It's a perfectly valid question, of course. But the answer is we have to be prudent with our funds and also find creative ways of making our bucks stretch further.
One way has been house-sitting, which we have been doing for nearly three years and involves caring for someone's home (and, usually, pets) while they are away, giving the owners peace of mind that their home is and animals are safe in their absence. In return, we get free accommodation, which is one of our biggest costs.
We are members on two websites - trustedhousesitters.com and housecarers.com - and apply when we see house-sitting jobs become available where we are travelling or about to travel. We pride ourselves on doing a good job and leaving homes cleaner than when we arrived.
We have come to meet some genuinely amazing, gracious and generous people this way and see and stay in fantastic places from Notting Hill to Brecon to Huddersfield to Kuala Lumpur. Our most recent assignment was in the Blue Mountains, about an hour outside of Sydney. We stayed there - in a beautiful family home - 11 days, looking after a dog, rabbits and a hen.
It's a spectacular part of Australia, hence the advertising promo for the region which reads, "Easy to get to. Impossible to forget". The Blue Mountains is so called because of the density of Eucalyptus trees which emit into the atmosphere droplets of oil which, when combined with dust particles and water vapour, form rays of light that are predominantly blue.
There is so much to see and do in the region that you could live here years and not scratch the surface, so we took the more popular options, starting with the famous Three Sisters near Katoomba, which was about 45 minutes drive from where we stayed in Warrimoo.
The Blue Mountains covers some one million hectares and became a World Heritage site 12 years ago. In it you will see trees that have been around from before mankind and cave systems that have survived 350 million years.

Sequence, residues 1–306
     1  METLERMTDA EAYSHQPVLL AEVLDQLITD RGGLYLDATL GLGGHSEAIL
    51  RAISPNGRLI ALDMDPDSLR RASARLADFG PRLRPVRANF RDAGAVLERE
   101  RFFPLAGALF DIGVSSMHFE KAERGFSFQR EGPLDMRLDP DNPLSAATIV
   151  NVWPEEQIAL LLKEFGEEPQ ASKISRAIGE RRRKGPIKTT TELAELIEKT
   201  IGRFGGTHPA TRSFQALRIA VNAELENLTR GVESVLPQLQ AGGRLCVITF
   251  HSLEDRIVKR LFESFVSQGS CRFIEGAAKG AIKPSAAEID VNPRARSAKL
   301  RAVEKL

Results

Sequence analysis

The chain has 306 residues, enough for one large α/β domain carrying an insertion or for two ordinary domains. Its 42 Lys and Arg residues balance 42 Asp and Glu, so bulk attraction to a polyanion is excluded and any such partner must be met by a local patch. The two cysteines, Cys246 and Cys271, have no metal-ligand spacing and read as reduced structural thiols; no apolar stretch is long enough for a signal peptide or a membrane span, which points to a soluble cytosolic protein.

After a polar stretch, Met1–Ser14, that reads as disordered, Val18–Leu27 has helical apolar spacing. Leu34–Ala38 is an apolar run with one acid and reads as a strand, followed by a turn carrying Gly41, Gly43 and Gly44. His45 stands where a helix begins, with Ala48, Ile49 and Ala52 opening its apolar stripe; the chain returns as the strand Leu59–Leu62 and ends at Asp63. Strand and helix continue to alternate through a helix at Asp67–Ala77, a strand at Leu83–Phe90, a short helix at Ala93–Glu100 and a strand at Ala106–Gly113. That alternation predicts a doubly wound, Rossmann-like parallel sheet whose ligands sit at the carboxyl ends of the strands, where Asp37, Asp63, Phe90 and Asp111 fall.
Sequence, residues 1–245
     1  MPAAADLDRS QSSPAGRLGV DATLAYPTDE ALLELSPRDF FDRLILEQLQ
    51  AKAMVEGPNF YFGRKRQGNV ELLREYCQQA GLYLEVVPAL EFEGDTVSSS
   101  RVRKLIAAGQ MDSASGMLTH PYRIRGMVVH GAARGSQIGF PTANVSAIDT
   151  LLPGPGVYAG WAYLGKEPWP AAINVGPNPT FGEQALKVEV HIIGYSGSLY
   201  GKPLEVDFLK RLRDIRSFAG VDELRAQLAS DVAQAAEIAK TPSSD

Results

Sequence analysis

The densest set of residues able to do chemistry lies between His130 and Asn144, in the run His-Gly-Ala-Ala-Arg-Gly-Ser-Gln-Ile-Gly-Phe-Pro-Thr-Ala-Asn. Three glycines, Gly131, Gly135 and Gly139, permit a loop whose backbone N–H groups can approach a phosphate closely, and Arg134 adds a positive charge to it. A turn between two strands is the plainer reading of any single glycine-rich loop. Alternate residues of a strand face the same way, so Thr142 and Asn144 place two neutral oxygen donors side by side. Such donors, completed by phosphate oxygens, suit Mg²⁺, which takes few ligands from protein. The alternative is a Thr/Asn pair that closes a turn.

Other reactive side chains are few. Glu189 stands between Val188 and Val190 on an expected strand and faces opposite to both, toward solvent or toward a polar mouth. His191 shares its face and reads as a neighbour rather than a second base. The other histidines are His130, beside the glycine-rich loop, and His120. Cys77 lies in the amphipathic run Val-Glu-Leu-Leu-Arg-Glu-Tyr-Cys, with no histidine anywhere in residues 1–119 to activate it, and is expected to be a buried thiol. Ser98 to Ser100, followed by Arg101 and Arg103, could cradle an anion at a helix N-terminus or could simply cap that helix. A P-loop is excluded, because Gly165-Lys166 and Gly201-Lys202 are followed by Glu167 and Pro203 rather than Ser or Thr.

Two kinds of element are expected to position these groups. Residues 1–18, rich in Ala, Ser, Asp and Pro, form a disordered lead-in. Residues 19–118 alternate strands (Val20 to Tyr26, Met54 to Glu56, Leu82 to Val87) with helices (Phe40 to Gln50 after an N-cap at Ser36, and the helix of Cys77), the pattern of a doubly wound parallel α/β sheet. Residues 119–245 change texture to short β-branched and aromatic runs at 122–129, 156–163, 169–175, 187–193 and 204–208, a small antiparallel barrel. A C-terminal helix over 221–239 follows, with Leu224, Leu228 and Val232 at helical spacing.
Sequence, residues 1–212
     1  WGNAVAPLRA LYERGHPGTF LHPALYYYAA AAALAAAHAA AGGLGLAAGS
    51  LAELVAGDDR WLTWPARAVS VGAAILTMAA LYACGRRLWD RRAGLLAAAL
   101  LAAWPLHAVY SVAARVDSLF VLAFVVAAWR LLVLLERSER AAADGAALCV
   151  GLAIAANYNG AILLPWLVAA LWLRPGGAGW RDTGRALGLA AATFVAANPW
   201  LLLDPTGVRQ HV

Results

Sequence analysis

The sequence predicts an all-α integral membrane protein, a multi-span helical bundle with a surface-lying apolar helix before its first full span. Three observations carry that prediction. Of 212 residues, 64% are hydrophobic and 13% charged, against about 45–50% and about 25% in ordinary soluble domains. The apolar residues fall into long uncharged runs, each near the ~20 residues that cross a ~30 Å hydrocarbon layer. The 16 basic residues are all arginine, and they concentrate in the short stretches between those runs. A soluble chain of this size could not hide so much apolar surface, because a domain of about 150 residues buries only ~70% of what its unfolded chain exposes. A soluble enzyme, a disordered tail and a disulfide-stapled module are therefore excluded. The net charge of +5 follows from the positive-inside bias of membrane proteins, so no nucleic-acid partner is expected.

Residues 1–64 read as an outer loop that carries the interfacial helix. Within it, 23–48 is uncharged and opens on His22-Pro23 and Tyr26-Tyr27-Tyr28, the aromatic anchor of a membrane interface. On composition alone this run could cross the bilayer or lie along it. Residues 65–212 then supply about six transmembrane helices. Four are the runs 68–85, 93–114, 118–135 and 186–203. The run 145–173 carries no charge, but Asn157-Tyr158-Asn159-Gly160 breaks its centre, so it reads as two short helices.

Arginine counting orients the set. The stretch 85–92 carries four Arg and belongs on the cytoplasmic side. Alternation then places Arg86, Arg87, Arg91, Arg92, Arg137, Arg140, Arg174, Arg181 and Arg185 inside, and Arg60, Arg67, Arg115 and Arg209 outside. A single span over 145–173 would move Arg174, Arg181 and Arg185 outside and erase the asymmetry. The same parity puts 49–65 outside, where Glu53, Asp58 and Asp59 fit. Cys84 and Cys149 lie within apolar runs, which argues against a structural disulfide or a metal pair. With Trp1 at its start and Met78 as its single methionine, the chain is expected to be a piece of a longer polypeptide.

At Echo Point in Katoomba is a large visitor centre and observation area where you can get the best views of The Three Sisters - three rock formations, each over 900m tall, that stand out side by side with a massive open landscape as a backdrop.
Aboriginal folklore says the rocks were three sisters who were turned to stone.
We didn't have time to see everything on our first visit, so returned to take in the Scenic Railway - the world's steepest incline railway - a cableway that takes you back to the top and a Scenic Skyway, another cable ride. You can purchase a ticket for all three with discounted rates for families and if you arrive before 11am.
Katoomba itself is a quiant little town that has a giant screen cinema (six stories high) showing film of the region's environmental value, but we didn't have time to check this out.
Fresh and organic food-lovers should make a trip to the food co-op on Ha'Penny Lane, just off the main high street, though we also found other stores in the region offering a wide and good selection of fruits, vegetables and such items.
Another destination we visited was Wentworth Falls, which, like in Katoomba, has special views and dramatic trails.
Being in the mountains was cooler than in the city. It felt so much fresher and healthier. We took several local walks, on one occasion - foolishly as it turned out - trying to follow a 5km trail from the house we were sitting, but got lost as the sun started to go down.
Thankfully, we came across a family riding their horses and they kindly offered to drive us most of the way back. Only then did we realise how far we had come - with Zenchai on foot and me carrying Kobra - and that the shortcut back to our 'home' would have involved scrambling through a overgrown bush trail.
As serious snakes and poisonous insects live in the region, the local lady thought better of suggesting we try this and dropped off all of us - dog included - where we could make it back safely, which we did. But, as someone once wrote, "If everything always went to plan there would be no adventures"!